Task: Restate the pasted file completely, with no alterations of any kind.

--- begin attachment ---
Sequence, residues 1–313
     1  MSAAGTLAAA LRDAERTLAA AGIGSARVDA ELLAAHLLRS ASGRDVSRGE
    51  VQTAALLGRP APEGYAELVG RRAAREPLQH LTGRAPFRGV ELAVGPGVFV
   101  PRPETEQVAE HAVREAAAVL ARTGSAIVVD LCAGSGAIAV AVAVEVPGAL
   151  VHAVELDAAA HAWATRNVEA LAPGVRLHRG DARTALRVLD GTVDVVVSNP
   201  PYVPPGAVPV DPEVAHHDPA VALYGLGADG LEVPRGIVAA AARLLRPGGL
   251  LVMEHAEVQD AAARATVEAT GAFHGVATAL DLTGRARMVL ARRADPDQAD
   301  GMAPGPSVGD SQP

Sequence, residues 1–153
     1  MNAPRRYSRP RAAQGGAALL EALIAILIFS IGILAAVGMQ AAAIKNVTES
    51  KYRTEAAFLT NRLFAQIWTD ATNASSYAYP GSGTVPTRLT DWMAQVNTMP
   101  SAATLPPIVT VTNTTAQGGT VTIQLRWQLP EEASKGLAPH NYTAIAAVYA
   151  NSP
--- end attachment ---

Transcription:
Sequence, residues 1–313
     1  MSAAGTLAAA LRDAERTLAA AGIGSARVDA ELLAAHLLRS ASGRDVSRGE
    51  VQTAALLGRP APEGYAELVG RRAAREPLQH LTGRAPFRGV ELAVGPGVFV
   101  PRPETEQVAE HAVREAAAVL ARTGSAIVVD LCAGSGAIAV AVAVEVPGAL
   151  VHAVELDAAA HAWATRNVEA LAPGVRLHRG DARTALRVLD GTVDVVVSNP
   201  PYVPPGAVPV DPEVAHHDPA VALYGLGADG LEVPRGIVAA AARLLRPGGL
   251  LVMEHAEVQD AAARATVEAT GAFHGVATAL DLTGRARMVL ARRADPDQAD
   301  GMAPGPSVGD SQP

Sequence, residues 1–153
     1  MNAPRRYSRP RAAQGGAALL EALIAILIFS IGILAAVGMQ AAAIKNVTES
    51  KYRTEAAFLT NRLFAQIWTD ATNASSYAYP GSGTVPTRLT DWMAQVNTMP
   101  SAATLPPIVT VTNTTAQGGT VTIQLRWQLP EEASKGLAPH NYTAIAAVYA
   151  NSP